Wednesday, July 25, 2012
One of the many advantages of belonging to an art club is the opportunity to exhibit in many different types of shows. I almost always paint landscapes, as you know. The California Art Club is offering an exhibit soon of still life paintings and so I was pushed into leaving my comfort zone of trees and mountains and delve into flowers. It took me a couple of days to find my way in the petals and I'll keep at it till it feels right.
Oil on Canvas, 16" X 20"
p.s. This Sunday, July 29th, 4pm - 6pm, if your in the Pasadena area, stop by Gales Restaurant and say Hi! Belinda Del Pesco and I are showing about 45 paintings. Gale will have wine and appetizers for everyone.
Thursday, July 19, 2012
Yesterday I visited the Edgar Payne exhibit at the Pasadena Museum of California Art with a group of artist friends. Beyond the brilliant compositions I was struck by Payne's use of gray. Wanting to put some of what I learned onto canvas right away I painted this scene using all shades of gray, as much as possible. I had a great time, a bonus to a special day, my 26th year of being married to my number one guy, Mike. Love you!
Oil on Canvas, 20" X 24"
Monday, July 16, 2012
While framing and hanging a new show for Gales Restaurant in Pasadena I painted this piece. It was more about the color then subject. The location is near the Monastery in Carmel, California. I am still dinking with the cows, looking at size and placement. Yes, someday they will be cows. Or the whole thing may get scrapped. The untold secret is I painted this painting on top of a painting of Half Dome in Yosemite that should have never seen the light of day.
Oil on canvas, 16" X 20"
Posted by Laura Wambsgans at 10:05 PM
Wednesday, July 11, 2012
George Malone planned a California Art Club paint out at the Adamson House in Malibu today. I jumped into my art-mobil and headed out early this morning. As I headed toward the ocean the fog was drifting onto shore in waves. I decided to paint looking towards inland so I would have the least amount of shifting light as possible. After painting all morning we ate lunch talking about art, shows and all the typical art speak. Afterwards we headed to the Weisman Museum at Pepperdine to view the "On Location in Malibu 2012" exhibit of CAC Artist/Signature members. There are some real gems in that exhibit and if you are in the area it's a show that is worth your time.
Oil on Panel, 9" X 12"
Friday, July 06, 2012
Oil on Canvas, 20" X 24"
I started this painting a while ago and pulled it out today to see if I could pull it together well enough to frame it. Scott Christensen told me, to know if a painting is done, just ask yourself if you would hang it on your own wall. It's a nice high bar to consider and usually the answer is no.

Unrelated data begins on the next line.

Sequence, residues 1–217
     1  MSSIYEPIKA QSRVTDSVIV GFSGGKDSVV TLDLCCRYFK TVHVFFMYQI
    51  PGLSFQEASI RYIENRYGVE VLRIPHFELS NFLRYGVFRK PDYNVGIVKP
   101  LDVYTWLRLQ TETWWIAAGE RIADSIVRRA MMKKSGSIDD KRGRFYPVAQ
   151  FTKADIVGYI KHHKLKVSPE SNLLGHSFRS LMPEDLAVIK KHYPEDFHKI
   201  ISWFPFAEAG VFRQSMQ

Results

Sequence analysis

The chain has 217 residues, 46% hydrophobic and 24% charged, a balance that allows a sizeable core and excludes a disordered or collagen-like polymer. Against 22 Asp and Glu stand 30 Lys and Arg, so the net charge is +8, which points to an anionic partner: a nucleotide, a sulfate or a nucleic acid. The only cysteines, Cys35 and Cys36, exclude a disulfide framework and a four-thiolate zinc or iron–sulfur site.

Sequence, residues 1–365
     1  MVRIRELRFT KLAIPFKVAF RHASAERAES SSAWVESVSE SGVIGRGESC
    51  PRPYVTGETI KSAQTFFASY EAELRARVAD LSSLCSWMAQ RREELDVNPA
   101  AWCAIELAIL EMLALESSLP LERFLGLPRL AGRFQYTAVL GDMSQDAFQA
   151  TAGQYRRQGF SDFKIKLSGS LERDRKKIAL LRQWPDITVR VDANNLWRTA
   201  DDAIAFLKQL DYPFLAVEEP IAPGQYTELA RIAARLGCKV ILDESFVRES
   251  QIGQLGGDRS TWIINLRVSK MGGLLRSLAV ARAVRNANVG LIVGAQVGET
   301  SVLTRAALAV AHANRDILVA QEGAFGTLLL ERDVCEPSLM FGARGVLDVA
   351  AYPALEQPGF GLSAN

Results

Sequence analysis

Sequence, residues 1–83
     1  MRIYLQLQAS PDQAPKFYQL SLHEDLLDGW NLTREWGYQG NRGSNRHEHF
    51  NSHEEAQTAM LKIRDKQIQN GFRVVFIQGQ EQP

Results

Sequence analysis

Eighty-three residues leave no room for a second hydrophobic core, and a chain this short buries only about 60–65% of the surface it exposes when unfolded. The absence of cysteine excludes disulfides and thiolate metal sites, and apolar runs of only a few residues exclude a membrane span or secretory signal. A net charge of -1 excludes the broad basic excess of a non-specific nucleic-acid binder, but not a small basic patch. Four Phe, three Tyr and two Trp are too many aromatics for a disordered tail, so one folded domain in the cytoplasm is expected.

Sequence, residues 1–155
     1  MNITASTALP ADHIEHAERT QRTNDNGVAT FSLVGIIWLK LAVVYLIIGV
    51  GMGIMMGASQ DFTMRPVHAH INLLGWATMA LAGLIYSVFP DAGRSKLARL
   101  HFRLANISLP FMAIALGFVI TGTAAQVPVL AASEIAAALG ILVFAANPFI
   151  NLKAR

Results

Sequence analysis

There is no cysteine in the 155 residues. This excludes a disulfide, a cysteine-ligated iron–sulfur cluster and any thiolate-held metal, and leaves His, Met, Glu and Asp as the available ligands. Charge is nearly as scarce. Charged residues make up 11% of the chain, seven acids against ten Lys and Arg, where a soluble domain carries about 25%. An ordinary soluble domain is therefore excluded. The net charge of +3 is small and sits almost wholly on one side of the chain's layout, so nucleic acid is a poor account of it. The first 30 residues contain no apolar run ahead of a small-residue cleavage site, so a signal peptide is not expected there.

This image shows the painting before I tweaked it. The original painting was a 12" X 12" plein air that sold so I didn't have the reference. Note to self, don't sell the plein air pieces until I am sure I am done with them. What I wanted to solve is the leaves on the Sycamore, strong diagonal of the brush in shade in the lower right corner, river rocks, tree trunk and brush on the other side of the riverbank. OK, I can see by writing this, I painted the whole piece over again.
Here is the finished painting on the easel, so you can compare the before and after easily.
20" X 24", Oil on Canvas
Wednesday, July 04, 2012
Happy Fourth of July!
This morning I painted this 6" X 8" study to figure out a large canvas of Bryce Canyon. Painting a small piece is a quick way to discover the possibilities and challenges in making the scene larger. Anything that is just a little off in the small painting will be a huge problem in the larger version.
Posted by Laura Wambsgans at 3:54 PM
Tuesday, July 03, 2012
It has been a while since I posted a few images of a painting in process and thought this would be a candidate. The scene is located in Eaton Canyon. Usually I look for a view with an entry, such as a river or path. Today I just went for the light on the distant mountains and hope that will pull the viewer into the painting.
To help keep the values nailed down, I painted a loose wash in all the local colors, on the blank canvas.
My goal is to cover the entire canvas thinly with paint.
I was ignoring our hungry cat and she reached up from the floor and gently placed her paw in this pile of Viridian paint. Lesson learned: don't ignore the cat, unless you have lots of time to clean a paint covered paw.
At this point I have each element covered in paint. Now I start again, working from dark to light. I did paint the sky in before the tree so that I could work the leaves into the wet paint of the sky.
12" X 16" Oil on Canvas